The Audacity of Peacemaking: Statement from the Seventh-day Adventist Church in Germany


(Steve Mga) #24

Harrpa –
It is One Thing to Enlist voluntarily.
It is Another Thing to be Drafted against one’s Will.
Doing Stateside Reserves still leaves one open for Overseas Deployment.
Stateside Reserve training is usually on week-ends.


(Dennis Meier) #25

As one of the members of the committee that drafted the German statement, let me clarify some background:

  1. It is true that as Germans we have a very painful history and therefore an extraload of responsibility when it comes to war and defense. We wanted to be sensitive to that history. Now to say that Germany would still be under the Swastika were it not for armed conflict is not the kind of responsibility that is sensitive enough, for it would only mean that acting responsibly is to point the barrel to the right face. I don’t see that as either reflected nor radical in the sense we are called to by Jesus.

  2. The statement was NOT considered to answer all questions regarding violence and threats to life itself. And it certainly wasn’t intended as ready-made solution to political situations of conflict und tyranny. This is not an ethics of how to resolve every conceivable situation. Here is what we wanted to say in a nutshell: if more people acted nonviolently, the world would be a better place. So let it begin with me, Lord. Let me express it with the example of the actual U.S. gun-law discussion: we don’t claim to have an answer on what should be done when an attacker wreaks havoc and how to stop him. We however think that if there would be less or no guns around, it would result in less tragedies. And we want to walk forward. That is why we called it audacity. It is not the wide and easy road. It is the narrow one.

  3. We didn’t mention the individual choice in matters of military service for one single reason: don’t state the obvious! If choice on ethical matters were not up to the individual, what kind of church would we be in the first place?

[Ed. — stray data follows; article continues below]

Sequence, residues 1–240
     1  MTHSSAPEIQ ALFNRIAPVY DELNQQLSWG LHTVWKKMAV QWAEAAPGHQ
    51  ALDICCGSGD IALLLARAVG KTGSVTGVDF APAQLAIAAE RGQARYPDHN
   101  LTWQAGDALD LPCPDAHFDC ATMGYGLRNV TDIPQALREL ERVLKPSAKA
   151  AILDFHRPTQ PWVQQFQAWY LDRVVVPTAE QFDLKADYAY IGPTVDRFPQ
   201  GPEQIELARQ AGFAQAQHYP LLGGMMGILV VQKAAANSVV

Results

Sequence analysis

4. To Dennis Hofer who discovered the “other brothers (and sisters)”. Don’t rush to conclusions on who admitted to historical and current failures and what should have been done. The referenced statement “Schuld und Versagen” (2014) did actually what you said should happen (just a click away). Brothers from the Reform-Movement and the “Official” Church had a historical handshake in 2014 at Friedensau University. I would advise to research before passing judgment. Or at least ask.

  5. To Charles Scriven. You have understood the spirit of the document. Ideals are not worth anything if they are not lofty and challenging. The cheap turn on the rhetorical question of what the curdish women or the Jews or whomever should do obfuscates examples of radical non-violence that actually changed the course of history (Gandhi, MLK etc.). As said repeatedly: there is no easy way out of the question.

  6. The German statement is certainly a reaction to an all too non-chalant submissiveness to national identity and prowess that we perceive especially in the United States. The marriage of patriotism and christianity (Billy Graham being a good exhibit) is troublesome to us (see item 1). Just as Germans could be charged (as they are in this discussion) of being too romantic and pacifistic, the question in return is whether always (seemingly) being on the right side (being God’s own country) doesn’t blur one’s ethical compass in troubling ways. That is why we didn’t insist on non-combatancy alone (which can easily become complicity), but advised our young people to stay away from the war-machinery altogether, if that is possible.

I hope that clarifies some of the questions raised.

God bless you, friends
Dennis